If every time I was offered Rs 10 for answering the question 'Is it tough running a company along with 11 other co-founders?', then Housing.com wouldn't need any external funding.
To start with, we are a set of 12 friends with a common goal of replicating the offline experience of buying or renting a property without necessitating physical presence. All our actions have to be aligned with the goal of doing what's best for the company.
Coming from an engineering background, we are trained to break situation and scenarios and come out with things in a structured manner that has a well defined math or formula. You can call me a nerd for this but that's what has really worked for us. That said, none of us would deny that we have had several discussions and long arguments- but no conflicts.
And when a particular discussion is about to cross the border, it is best to remind everyone the common purpose and goal of the company. When everyone keeps the best interest of the company in mind, we come out with a common decision because not many solutions are left after that. It's neither democracy nor autocracy; it's just about doing the right thing for the company.
Besides these, some of the other learning's from our journey are:
Tagging along with the most talented
All the 'studs' (people who were very good in certain areas) in IIT-Bombay became the co-founders of the company. For instance, Neeraj Bhunwal (one of the co-founders of Housing.com) could hack into any system. In college, he had once hacked into the sites of representatives of the elections of our institute. At Housing, he is in charge of coding.
We all picked what we love because we thought that when one's passion and job complement each other then professionals have the ability to create magic. I've taken up HR, sales, marketing and other different roles from time to time in Housing but finally picked up marketing and PR. Though we are best of friends, all the roles and financials are formalised legally.
Google uncle to the rescue
We Googled for a CA to work out the entire documentation for us and zeroed down on one of them after negotiations. Back then, we didn't even know what a company structure looked like or the best way to register one.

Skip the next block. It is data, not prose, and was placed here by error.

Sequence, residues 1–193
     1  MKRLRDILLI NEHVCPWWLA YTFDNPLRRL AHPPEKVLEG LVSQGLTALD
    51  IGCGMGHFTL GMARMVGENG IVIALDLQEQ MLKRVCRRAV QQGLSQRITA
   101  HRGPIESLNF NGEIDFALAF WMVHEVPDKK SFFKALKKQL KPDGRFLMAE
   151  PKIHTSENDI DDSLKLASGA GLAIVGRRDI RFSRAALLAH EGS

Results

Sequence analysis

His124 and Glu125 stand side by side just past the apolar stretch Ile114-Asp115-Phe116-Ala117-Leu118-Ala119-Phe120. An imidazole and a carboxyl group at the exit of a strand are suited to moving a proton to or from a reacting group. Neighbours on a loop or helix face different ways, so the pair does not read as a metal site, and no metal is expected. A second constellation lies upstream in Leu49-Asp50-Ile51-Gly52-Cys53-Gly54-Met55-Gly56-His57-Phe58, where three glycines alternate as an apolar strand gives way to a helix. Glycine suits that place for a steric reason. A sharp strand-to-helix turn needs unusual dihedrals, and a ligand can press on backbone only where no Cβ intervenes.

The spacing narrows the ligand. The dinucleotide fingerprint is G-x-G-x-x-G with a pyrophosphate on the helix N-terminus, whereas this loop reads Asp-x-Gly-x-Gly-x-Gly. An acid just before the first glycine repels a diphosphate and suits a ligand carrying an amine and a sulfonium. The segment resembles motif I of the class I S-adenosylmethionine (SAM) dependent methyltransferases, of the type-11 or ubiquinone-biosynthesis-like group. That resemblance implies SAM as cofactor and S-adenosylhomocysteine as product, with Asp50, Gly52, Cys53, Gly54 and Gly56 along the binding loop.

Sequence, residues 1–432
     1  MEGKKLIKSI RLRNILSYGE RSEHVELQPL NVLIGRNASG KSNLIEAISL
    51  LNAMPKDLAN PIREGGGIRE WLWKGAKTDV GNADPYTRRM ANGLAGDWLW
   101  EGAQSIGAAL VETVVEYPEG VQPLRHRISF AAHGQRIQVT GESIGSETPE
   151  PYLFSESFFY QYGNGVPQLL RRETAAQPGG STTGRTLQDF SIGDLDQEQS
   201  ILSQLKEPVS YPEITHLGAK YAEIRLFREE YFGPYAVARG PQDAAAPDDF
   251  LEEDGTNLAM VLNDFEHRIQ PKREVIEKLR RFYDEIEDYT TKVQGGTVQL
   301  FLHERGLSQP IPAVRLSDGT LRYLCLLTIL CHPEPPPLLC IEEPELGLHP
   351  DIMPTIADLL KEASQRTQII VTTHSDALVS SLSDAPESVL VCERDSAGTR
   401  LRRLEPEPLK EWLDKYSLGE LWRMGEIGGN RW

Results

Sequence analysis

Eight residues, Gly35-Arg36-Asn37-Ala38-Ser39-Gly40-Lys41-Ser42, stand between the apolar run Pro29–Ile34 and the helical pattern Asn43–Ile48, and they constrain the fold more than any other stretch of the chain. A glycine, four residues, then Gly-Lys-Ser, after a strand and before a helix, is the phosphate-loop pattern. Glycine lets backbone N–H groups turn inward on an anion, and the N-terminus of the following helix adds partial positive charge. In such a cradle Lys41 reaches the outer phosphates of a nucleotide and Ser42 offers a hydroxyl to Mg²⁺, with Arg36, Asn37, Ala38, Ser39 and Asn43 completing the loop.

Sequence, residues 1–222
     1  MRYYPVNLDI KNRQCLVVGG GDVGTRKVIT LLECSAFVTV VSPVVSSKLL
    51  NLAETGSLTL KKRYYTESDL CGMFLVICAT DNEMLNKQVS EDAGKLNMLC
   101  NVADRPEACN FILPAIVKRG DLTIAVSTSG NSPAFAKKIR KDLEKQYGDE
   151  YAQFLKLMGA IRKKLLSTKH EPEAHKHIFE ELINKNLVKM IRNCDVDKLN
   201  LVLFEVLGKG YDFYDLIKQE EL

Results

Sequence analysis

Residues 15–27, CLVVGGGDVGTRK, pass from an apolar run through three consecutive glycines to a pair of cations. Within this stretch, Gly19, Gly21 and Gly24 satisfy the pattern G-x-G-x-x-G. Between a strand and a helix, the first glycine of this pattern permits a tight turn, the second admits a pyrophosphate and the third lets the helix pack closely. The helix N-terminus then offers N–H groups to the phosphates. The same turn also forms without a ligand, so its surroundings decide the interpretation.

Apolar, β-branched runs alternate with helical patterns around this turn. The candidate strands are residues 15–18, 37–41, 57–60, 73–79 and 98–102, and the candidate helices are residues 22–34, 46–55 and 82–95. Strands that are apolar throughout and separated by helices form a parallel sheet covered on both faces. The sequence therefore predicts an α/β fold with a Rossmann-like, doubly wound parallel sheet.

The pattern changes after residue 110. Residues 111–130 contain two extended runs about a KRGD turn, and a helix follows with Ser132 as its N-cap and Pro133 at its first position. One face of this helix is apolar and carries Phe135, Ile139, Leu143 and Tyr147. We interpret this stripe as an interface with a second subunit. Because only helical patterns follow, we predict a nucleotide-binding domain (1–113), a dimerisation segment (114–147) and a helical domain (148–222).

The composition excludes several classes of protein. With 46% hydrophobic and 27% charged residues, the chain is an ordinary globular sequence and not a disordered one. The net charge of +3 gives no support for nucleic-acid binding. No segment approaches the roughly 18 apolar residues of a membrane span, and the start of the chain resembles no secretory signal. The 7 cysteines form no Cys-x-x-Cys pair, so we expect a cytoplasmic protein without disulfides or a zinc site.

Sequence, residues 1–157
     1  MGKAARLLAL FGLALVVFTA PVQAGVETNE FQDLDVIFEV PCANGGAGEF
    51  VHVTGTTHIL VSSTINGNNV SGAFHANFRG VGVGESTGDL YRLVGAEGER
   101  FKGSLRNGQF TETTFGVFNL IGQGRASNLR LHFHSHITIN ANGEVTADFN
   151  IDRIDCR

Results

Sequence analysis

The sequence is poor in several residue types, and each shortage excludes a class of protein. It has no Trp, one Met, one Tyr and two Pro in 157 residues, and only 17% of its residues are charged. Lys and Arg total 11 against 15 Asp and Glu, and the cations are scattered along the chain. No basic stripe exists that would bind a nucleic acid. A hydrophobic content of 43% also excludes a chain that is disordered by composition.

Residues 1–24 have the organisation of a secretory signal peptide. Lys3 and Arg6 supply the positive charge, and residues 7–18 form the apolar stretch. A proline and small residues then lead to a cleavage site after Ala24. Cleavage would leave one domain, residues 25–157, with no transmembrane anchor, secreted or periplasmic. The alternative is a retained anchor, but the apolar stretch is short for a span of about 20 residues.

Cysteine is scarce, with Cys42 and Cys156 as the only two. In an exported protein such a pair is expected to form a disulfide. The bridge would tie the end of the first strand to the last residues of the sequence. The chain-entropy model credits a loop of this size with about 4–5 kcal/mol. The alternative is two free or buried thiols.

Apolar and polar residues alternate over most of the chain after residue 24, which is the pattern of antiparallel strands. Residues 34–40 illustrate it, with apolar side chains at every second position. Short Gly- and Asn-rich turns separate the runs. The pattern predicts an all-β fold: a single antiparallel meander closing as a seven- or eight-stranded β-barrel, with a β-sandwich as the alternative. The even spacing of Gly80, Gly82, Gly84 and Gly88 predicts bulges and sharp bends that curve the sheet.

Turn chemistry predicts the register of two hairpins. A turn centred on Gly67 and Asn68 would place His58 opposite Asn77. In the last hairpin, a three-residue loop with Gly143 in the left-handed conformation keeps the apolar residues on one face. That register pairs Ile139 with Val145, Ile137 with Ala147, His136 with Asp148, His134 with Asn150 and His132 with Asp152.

Together, we have taken some quality decisions. While brainstorming we realised that people want to know what lies inside and outside the house so we introduced the practice of having pictures of the house and having maps as the user interface. Much later we also figured that users expect insights which required data in various forms. You get this data by building process innovation and this gave birth to our data science lab. With this we could build what was essential or missing from the market, since the other classified sites looked like an online telephone directory of agents.
Pivot in the business model
We have also made several errors. We started off as a broker/agent and not an online classifieds site. This is because, I come from Jammu which barely has any rental homes and most of the people are living in their forefather's homes. After college when we rented a home, we were under the impression that agents charge a tip of Rs 500 for helping get a home. However, he asked for a month's rent. While I didn't have a job and shelling out that much case was tough, I could already see dollars flow in front of my eyes.
We blindly followed this business model assuming that there was huge money here, without realising its implications on the 'online broker'. However, we were quick to learn that even though the margins were high, the problem was scalability. Also, real estate is a very hyper local business where local expertise is a must. It did not make economic sense to hire brokers from every area of a city.
So we gave up that model in December 2012 and pivoted to an online classified model. We were very agile in changing the model.
Never say no to luncheons!
You could be a dozen co-founders. But external help is always required. When we met Haresh Chawla over a casual dinner, we ended up discussing best strategies to take the company to the next level. In the very first meeting itself we started feeling very warm towards each other and he actually ended up investing in our company.
Today, all our investors help in taking important decisions including expanding to 14 cities at one go and other strategies, business model as well as getting the right people on-board.
Lower manual dependency
When you are building a company for the next century, you need to nurture it in a manner that its dependency on you reduces significantly. It must be more tech dependent so that when a new member joins the team, passing on the knowledge of that department is much easier. We are building a sustainable eco-system within the company that just thrives.
(Sharma is the co-founder of real-estate portal Housing.com. As told to Techcircle.in's Nikita Peer)